I read last week that the Serbian model Andrej Pejic, who made his reputation doing androgynous looks and modeling women's fashion, has announced that he is in fact transgender and has re-emerged as Andreja Pejic after reassignment surgery. It's a complicated thing to write about, to put down in print. How exactly do you describe Pejic's announcement? Can you say "re-emergence" or "transformation" any more? Doesn't the trans* narrative these days insist that anyone trans* was always whatever gender they "really" are? What happens to the images of metamorphosis and becoming someone new? Is it now correct to use different pronouns even retrospectively, for someone's life before they made the announcement?
I'm using Pejic as an example here, but only because the Andrej/Andreja announcement is something I saw in the news. I wish Pejic the individual well, whatever the pronouns, and I'll say that Pejic's work has always been excellent--- striking looks, good poses. So this isn't about Pejic as an individual at all. Let's not think that.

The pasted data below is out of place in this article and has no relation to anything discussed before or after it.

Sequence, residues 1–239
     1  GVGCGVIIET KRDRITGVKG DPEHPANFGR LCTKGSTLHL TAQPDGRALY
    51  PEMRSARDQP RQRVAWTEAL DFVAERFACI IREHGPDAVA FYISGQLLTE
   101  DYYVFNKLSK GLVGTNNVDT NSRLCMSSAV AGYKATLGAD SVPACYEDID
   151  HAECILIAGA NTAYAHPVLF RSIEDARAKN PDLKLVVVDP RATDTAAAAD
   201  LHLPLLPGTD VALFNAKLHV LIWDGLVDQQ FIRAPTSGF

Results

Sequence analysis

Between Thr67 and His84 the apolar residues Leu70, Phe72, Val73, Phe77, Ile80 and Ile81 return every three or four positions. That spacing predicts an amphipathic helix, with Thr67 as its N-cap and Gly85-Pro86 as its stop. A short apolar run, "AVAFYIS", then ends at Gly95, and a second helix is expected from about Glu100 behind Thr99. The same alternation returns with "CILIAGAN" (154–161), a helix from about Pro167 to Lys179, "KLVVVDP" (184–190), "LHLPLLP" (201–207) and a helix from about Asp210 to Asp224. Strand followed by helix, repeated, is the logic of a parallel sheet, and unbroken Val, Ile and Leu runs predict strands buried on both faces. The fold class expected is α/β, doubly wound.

The trans* issue is the Next Big Thing in the gender wars, and probably the Next Big Thing about legal and social rights as well. As much as I make fun of the "trans*" usage--- the trans folk have stolen the asterisk just as gay men took closets and lesbians annexed softball ---I'm certainly a supporter of full social and legal rights for transpeople. Take that as a given.
I will say, though, that I love reading about all the internecine feuding inside the world of the gender warriors over the trans issue. It's as much fun as reading about the Sex Wars and the Porn Wars inside feminism in the 1980s and 1990s--- as much fun as reading about feuds inside the Left in the 1930s, about factions and heresies, about demands for purity of thought. And the level of in-fighting here in the days of the "call-out culture" is even more wonderfully bitchy than amongst Trotskyites and Stalinists.
I'm only a flaneur here, of course--- wandering through websites as a tourist and reading articles and comments and laughing at the levels of bitchy (and tetchy) self-righteousness. I'm a mere vanilla straight boy in so many ways--- over thirty, white, middle class, over-educated, straight, "cis and cis-presenting". Am I even supposed to have opinions on things here?
I was an undergraduate when the first great flush of gay activism and gay dance clubs swept through university towns and big cities. The issues of gay rights and gay culture were all around me, and I remember the university radio station having a half-hour LGB (no T yet) program on Sunday evenings with a mix of dance music, political discussions, and memoirs of coming out. I remember those things, and I remember learning to negotiate social spaces with tribes that weren't my own.